Plants and varieties in this post:
Special Swiss, Sweetcorn,

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Variety Reviews

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Special Swiss Sweetcorn

Special Swiss Sweetcorn

Seed and plant information:

Seed source: ,
Location: ,
Taste Test (overall flavour):
Success out of 10:

General Observations

I have grown this variety for a few years now, they are reliable, easy to grow, and produce a delicious large cob, ready for cooking as soon as you pick them off the plant.

It’s important to get ahead of the game with sweetcorn, and imperative that you start them in April in a heated propagator in the greenhouse. Otherwise, I find, the sowings in May take too long, and although you’ll get some sweetcorn, the results are often late and skinny. Once they have germinated then the rest is pretty easy going. They do need a temperature of at least 18C to get going, otherwise you end up losing your seeds, they’ll simply rot in the cold soil.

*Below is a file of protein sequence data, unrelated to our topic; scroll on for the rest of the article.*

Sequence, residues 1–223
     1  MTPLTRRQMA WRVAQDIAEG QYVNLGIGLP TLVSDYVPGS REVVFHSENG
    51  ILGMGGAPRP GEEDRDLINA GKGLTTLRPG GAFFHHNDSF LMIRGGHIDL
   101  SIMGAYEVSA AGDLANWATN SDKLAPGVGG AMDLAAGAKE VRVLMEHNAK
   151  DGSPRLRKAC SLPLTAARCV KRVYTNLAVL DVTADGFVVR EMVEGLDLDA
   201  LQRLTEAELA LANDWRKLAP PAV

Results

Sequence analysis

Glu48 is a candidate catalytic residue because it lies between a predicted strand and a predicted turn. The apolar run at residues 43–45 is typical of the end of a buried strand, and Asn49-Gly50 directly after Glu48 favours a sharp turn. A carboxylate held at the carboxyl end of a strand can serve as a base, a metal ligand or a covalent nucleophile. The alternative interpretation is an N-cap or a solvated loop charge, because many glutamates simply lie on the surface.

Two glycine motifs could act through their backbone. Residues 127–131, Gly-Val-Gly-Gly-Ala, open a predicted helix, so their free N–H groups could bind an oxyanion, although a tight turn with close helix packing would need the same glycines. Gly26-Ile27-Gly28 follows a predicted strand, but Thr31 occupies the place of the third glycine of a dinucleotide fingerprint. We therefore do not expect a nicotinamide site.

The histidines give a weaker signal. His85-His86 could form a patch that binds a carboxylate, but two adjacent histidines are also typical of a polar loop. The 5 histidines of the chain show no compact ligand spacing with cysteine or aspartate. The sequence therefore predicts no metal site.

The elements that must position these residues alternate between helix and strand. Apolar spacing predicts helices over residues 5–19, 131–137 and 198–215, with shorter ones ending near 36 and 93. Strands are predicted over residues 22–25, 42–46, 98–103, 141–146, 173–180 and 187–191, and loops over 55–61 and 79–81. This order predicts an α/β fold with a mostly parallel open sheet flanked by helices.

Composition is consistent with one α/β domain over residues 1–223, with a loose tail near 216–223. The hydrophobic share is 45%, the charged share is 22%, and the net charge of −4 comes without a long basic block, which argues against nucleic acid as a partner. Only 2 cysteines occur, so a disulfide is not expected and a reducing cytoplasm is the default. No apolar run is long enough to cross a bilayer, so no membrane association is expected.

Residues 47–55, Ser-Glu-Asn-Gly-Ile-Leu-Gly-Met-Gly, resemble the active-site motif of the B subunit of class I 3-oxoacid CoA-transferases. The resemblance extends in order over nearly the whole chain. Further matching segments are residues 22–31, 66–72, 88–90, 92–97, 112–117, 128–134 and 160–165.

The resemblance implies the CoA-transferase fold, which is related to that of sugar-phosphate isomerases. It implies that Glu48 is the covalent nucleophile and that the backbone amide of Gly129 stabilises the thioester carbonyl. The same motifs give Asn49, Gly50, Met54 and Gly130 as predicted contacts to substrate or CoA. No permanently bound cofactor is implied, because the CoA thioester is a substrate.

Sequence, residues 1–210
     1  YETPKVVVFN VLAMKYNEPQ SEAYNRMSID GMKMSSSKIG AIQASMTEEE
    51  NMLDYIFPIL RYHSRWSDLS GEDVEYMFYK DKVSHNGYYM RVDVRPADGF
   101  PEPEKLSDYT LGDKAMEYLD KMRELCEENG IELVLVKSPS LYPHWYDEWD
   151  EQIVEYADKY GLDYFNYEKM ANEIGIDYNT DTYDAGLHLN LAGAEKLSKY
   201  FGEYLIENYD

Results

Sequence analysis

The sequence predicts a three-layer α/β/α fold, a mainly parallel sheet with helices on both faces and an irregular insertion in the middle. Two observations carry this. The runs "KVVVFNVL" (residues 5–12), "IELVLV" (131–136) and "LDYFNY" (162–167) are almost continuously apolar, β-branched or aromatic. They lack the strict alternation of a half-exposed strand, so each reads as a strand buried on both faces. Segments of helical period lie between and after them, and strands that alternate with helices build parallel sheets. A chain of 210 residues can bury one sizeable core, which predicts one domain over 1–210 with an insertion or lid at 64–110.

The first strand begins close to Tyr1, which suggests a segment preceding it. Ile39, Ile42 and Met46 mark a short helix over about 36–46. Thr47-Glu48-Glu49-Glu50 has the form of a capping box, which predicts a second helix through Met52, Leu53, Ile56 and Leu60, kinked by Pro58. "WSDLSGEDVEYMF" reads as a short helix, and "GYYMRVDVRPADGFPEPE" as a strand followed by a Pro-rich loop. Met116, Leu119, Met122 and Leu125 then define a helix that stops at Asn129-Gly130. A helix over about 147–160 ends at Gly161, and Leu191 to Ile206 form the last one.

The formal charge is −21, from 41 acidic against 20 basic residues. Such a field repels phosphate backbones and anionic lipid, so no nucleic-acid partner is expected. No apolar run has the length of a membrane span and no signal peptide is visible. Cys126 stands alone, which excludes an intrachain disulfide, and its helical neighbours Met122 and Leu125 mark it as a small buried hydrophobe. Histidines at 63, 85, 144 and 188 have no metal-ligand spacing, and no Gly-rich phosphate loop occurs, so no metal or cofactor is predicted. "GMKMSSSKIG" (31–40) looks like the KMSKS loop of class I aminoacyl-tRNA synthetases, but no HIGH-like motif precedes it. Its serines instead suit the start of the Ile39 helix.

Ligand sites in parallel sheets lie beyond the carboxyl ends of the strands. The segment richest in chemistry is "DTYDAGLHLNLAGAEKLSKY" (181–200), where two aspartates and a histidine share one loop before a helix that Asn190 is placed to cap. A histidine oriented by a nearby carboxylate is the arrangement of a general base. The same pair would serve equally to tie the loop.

As the cobs mature, you will notice that the sweetcorn produces a tassel that comes out of the top of the plant.Usually they would depend on being wind pollinated, however, it is essential that the pollen generated by these tassels is rubbed against the silks of the cobs, in order to pollinate each and every seed within the cob. For best results, when the tassel starts to shed pollen, simply run your hand along it, and then, using the same hand, along the silk (the parts that come out of the corn husk). This ensures good pollination, and as many sweetcorn seeds as possible on your plant. If you don’t do this, then you may end up with a corn with only a few sweetcorn seeds for each cob.

This variety has been consistent for every year that i have grown them. I would highly recommend them.

The flavour is wonderfully sweet helped if cooked the moment they have been picked), and they are true enjoyed by children with a generous knob of butter melting over them.

Saving the seeds is so easy, too. Simply leave one of the cobs (or more if you want more seed next year) on the plant to mature pick it and remove the husk. Leave the cob in a dry place until all the seeds become shrivelled. Once they have dried out, they should be easy to remove, and the seeds will be good for the following year. Just ensure they are completely dry before putting them in storage.


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